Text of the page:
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Big Ontario corn and soy yields ahead?

Earlier planting and heat and rain when needed have boosted potential harvest yields

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[AUDIO: Listen to John Greig, editor of Farmtario, talk with Don Kabbes, general manager of Great Lakes Grain about corn and soybean yield projections.]

[UPDATE: Sept. 14, 2020] Ontario is in line for a record soybean crop.

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That’s the result from the recent Great Lakes Grain yield tour.

The 11th edition of the tour, which looks at crops from Windsor to the Ottawa Valley, assesses corn and soybean yield and gives individual farmers report cards on their projected yields. Results were released Sept. 9.

Why it matters: Yield estimates help farmers plan and the trade get ready for the coming harvest.

This year the tour visited 538 corn fields and 421 soybeans fields.

Here are some of the take-aways from the tour:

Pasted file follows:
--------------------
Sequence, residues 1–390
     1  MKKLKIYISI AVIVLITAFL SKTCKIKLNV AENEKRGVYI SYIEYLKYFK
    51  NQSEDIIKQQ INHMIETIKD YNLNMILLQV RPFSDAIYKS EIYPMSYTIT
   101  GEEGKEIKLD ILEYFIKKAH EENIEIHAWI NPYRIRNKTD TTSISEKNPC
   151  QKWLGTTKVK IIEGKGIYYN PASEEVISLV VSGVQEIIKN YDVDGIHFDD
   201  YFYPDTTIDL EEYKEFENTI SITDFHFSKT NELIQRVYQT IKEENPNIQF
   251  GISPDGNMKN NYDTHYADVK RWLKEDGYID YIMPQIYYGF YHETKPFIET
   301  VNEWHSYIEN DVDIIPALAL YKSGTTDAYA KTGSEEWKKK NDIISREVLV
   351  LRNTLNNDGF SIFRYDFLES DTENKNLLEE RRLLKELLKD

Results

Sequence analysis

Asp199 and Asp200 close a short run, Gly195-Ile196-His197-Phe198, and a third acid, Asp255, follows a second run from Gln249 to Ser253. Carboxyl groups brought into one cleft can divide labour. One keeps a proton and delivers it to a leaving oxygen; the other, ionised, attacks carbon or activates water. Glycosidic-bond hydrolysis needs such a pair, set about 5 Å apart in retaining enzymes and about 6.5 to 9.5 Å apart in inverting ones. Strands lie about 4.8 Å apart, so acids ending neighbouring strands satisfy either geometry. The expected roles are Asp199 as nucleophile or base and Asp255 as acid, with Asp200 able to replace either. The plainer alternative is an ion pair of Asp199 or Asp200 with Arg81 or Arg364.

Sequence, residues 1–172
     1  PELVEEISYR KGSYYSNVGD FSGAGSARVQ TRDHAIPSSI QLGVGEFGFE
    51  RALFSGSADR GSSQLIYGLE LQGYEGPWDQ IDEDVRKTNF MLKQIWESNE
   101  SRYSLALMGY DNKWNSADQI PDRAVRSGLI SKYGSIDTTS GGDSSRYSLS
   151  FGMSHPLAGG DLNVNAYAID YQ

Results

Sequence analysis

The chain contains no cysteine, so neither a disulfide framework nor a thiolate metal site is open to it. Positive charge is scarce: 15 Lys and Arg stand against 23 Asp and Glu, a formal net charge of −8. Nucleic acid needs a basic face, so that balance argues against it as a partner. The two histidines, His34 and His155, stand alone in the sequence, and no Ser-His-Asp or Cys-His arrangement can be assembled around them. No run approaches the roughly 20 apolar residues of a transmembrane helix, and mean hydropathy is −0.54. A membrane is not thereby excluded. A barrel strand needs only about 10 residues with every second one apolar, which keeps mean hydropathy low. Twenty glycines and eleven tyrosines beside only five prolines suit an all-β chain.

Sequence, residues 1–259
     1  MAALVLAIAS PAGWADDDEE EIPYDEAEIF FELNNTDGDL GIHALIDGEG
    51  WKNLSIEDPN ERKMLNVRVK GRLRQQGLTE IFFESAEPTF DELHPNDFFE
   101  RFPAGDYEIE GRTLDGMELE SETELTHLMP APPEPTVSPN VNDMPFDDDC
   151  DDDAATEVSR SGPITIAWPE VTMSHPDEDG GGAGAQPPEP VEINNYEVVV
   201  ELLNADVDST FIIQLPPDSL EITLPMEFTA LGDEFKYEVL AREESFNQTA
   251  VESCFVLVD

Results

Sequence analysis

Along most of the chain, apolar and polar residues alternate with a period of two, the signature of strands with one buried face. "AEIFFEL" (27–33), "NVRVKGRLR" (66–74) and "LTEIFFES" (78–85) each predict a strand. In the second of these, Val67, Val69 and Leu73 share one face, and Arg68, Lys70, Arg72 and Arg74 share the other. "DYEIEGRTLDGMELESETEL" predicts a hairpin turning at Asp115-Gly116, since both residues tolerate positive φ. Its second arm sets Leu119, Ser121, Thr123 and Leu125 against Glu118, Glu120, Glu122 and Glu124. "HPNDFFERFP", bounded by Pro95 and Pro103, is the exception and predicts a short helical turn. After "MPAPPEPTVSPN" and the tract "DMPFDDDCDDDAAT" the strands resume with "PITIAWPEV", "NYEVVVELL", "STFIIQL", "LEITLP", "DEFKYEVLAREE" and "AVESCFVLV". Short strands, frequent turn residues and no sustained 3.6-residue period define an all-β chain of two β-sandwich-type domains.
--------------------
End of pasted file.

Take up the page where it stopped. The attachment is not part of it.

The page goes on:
Soybeans

  • Great Lakes Grain is calling for an average yield of 58.3 bushels per acres on soybeans, which would be an Ontario record.
  • Great Lakes Grain staff has used used 2.4 soybeans per pod as its average number in its calculations for 10 years but this year that’s to 2.6 soybeans per pod.
  • There are more pods per plant, plants per row and seed size is also expected to be larger.

“Even though we are estimating a stellar soybean yield with the incidences of root rots and nutritional issues, it just means there is even is more yield being left unrealized in your fields,” says Dale Cowan, agronomy strategy manager and senior agronomist at AGRIS and Wanstead Co-operatives.

Corn

The Great Lakes Grain tour is calling for an average bushels per acre of 186 for corn.

  • Corn heat unit accumulation in southwestern Ontario as of Sept. 5 was six full days ahead of a year ago and four days ahead of the 30-year trend.
  • Black layer for corn will be at the end of September or early October.
  • Last year at this time 22 per cent of the corn was in dent stage, versus this year at 54 per cent.
  • Cold weather in may knocked back corn plant populations due to poorer emergence.

*Update: An incorrect soybean yield number was previously stated.

About the author

Editor

John Greig

John Greig has spent his career in agriculture journalism and communications. He lives on a farm near Ailsa Craig, Ontario. Contact John at [email protected] or follow him on Twitter @jgreig

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